Early 577-500 No.2 Macnaughton Double Rifle - INFO HELP

Registered members may use this forum to discuss rifle subjects
Post Reply
User avatar
BUCK STIX 276
Posts: 9
Joined: Thu Oct 18, 2018 10:07 am

Early 577-500 No.2 Macnaughton Double Rifle - INFO HELP

Post by BUCK STIX 276 » Thu Oct 18, 2018 10:20 am

Hello all,

Can anyone help with information about a James Macnaughton Double Rifles?

I acquired this one and I'm trying to find some History. I've never owned a Macnaughton. Its serial numbr 986 chambered in 577-500 No. 2 bpe caliber.

Image

Image

Image

Image

Below is the auction description. As you can see it was listed as a 450bpe, however, when it arrived I was surprised to find it wasn't a 450bpe. My 450bpe cartridges dropped deep into the chambers. Same thing happened when I tried 500bpe cartridges in the chambers. It was something much bigger. A chamber cast discovered it was actually a 577-500 No.2 bpe. Not sure if that makes this a better value, or a wash.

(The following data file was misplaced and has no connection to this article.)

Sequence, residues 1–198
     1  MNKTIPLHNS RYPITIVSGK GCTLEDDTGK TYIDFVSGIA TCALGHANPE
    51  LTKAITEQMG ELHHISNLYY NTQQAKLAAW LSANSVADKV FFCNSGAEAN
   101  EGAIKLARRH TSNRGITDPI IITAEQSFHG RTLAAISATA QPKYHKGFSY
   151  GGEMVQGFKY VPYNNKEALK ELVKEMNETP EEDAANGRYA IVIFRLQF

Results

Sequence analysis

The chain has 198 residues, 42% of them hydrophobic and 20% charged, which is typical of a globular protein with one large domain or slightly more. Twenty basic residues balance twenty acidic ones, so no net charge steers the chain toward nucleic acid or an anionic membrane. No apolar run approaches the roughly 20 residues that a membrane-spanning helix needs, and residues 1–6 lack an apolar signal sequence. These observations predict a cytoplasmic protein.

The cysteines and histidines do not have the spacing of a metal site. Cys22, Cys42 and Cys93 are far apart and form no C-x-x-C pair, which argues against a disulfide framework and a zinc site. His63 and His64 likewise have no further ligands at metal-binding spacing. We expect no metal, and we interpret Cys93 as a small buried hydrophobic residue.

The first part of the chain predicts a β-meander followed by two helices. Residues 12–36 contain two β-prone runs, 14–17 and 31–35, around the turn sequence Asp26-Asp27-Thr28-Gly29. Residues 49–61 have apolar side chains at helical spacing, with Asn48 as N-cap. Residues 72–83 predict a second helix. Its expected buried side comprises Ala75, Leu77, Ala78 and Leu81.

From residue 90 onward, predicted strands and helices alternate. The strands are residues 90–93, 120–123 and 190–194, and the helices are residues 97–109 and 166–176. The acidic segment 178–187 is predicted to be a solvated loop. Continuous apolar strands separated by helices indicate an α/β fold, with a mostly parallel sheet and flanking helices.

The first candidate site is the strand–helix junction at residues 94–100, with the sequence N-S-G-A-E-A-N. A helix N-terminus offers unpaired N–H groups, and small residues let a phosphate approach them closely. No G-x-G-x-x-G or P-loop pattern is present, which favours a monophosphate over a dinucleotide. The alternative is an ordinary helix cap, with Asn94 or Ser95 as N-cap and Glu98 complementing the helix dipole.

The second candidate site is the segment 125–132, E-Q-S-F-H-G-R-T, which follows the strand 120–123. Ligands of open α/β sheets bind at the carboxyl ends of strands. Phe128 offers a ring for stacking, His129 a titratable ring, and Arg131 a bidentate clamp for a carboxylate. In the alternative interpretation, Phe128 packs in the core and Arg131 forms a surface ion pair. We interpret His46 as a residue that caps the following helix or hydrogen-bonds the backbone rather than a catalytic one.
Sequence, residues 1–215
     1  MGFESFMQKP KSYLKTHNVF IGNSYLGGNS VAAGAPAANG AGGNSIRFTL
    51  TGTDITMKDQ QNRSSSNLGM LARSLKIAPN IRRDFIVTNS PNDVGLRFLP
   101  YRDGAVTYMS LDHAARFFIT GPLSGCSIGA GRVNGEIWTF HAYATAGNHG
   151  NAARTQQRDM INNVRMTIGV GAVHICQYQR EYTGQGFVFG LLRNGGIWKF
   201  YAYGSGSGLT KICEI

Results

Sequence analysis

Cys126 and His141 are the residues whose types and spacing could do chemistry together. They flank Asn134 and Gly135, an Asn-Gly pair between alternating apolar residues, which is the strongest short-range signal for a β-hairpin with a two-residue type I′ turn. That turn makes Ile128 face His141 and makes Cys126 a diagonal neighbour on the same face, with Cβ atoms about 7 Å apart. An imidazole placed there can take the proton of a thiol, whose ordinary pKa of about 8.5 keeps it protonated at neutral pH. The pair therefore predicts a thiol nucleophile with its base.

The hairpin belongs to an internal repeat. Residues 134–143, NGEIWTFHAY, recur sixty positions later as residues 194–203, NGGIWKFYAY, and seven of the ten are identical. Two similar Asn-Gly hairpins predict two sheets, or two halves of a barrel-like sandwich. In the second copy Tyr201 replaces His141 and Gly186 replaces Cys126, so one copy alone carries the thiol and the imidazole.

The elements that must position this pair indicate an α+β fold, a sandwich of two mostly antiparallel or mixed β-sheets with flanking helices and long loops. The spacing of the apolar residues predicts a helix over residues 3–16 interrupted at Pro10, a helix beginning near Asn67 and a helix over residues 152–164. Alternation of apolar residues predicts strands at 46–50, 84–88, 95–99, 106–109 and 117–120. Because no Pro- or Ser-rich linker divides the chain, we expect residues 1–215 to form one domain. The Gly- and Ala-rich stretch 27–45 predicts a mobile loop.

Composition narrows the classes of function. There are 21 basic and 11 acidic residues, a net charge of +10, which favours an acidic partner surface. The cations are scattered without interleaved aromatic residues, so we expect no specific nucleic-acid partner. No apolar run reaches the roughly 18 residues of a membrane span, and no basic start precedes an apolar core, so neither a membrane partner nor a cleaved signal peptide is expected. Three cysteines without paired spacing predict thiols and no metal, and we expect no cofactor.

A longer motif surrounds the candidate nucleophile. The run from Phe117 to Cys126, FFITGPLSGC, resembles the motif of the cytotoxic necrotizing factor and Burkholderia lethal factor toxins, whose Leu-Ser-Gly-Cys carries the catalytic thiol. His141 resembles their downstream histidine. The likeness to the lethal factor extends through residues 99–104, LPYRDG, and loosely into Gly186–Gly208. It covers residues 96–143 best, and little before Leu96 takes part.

I'm hoping that some detail History can be found. I love History.

Image

Image

Image

Image

I was told that John Dickson had the Macnaughton records so I stayed up until 3:45am this morning (9:45am at the John Dickson office in Scotland) I just got off the phone from speaking with them. Unfortunately they told me that the majority of the Macnaughton Records were lost in a fire long ago. They said they only had one Field Record Volume with limited information. Upon their searching that Volume while I waited on the phone, they informed me that it did not contain my serial number.

Unfortunately that's the end of the line for finding any additional History about this rifle from them.

If there are any Macnaughton experts out there, please chime in.
".. you never pay too much for something, you only buy it too early .. "

John 39
Posts: 233
Joined: Mon May 22, 2017 5:30 pm

Re: Early 577-500 No.2 Macnaughton Double Rifle - INFO HELP

Post by John 39 » Fri Oct 19, 2018 11:06 am

A lovely early MacNaughton rifle, what address is shown on the rib? You will have read the history, have you learned anything from his patent history, does the rifle have any of his patents?